Parents are being offered advice as part of a new drive to encourage them to help with their children's homework.
Children do better if their parents are involved in their reading
The Scottish Executive has improved its Parentzone website and published the first of three packages designed to show parents how to provide support.
Research has suggested that regular homework has the same benefit as an extra year's schooling.
At the launch, Education Minister Peter Peacock stressed: "Education does not begin and end at the school gate."
He said parents could play a "vital role" in supporting their children and helping them develop their skills.
"But not all parents know how best to do this and not all parents know where to turn for help," he said.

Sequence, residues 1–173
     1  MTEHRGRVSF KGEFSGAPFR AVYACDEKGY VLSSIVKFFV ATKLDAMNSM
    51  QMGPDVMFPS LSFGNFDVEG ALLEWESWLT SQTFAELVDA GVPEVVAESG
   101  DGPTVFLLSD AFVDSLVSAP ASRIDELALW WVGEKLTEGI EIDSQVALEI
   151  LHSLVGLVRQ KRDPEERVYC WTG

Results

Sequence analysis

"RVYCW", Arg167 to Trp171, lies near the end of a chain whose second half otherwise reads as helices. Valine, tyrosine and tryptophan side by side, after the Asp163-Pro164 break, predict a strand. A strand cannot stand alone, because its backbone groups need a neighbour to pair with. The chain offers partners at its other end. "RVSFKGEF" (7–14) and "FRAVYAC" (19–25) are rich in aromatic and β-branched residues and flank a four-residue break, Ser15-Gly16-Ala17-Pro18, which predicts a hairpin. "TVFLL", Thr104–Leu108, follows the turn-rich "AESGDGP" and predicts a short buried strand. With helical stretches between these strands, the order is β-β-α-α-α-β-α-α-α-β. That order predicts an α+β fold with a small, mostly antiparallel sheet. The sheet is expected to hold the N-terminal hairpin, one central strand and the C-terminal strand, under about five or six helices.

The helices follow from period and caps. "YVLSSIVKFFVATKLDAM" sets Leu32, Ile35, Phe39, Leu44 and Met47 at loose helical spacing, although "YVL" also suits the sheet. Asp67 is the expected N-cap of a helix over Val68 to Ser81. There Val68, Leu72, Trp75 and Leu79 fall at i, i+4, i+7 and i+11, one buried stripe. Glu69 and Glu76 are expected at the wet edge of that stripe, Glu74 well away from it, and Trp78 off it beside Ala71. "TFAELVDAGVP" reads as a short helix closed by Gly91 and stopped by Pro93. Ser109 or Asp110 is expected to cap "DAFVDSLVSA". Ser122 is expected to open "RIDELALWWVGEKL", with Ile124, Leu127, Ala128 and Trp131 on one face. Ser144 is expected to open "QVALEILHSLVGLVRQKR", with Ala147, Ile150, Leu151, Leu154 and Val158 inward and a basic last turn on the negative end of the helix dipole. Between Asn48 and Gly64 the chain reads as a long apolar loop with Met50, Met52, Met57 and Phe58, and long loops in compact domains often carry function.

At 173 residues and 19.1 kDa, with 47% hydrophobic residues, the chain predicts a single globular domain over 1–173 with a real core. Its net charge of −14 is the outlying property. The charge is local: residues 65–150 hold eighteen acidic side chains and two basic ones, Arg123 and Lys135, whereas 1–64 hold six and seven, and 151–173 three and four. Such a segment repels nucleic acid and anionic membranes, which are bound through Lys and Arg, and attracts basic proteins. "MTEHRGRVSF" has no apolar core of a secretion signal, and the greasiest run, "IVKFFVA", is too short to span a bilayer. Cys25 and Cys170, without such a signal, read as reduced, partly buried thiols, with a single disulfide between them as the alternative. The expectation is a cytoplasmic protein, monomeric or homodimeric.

"The three-tier information package I am launching today is designed to give parents the support and advice they want.
"It is designed to be flexible and to augment information already available from schools in ways that can be used to best suit their local circumstances."
The package includes staff development materials for schools, a leaflet offering advice to parents, and more detailed and practical information for families on the Parentzone website.
It was launched at St Andrew's RC Secondary in Glasgow.
The chairman of its school board, Bruce Lorimer, said: "We believe parents play a pivotal role in the education of children, and parents in our school always promote the school motto - putting young people first."
Alan Smith, president of the Scottish School Board Association, said: "We welcome this as a first step in supporting parents' involvement in their children's education.
"It will help parents to engage at a level with which they are most comfortable and we appreciate the flexibility of the non-prescriptive approach adopted by the executive."
Research has suggested that children move up to 18 months ahead in their reading scores when parents are involved.
Children are said to do better when schools and families work together.
Half the language used by adults is in place by the time they are three years old, rising to 85% by the age of five.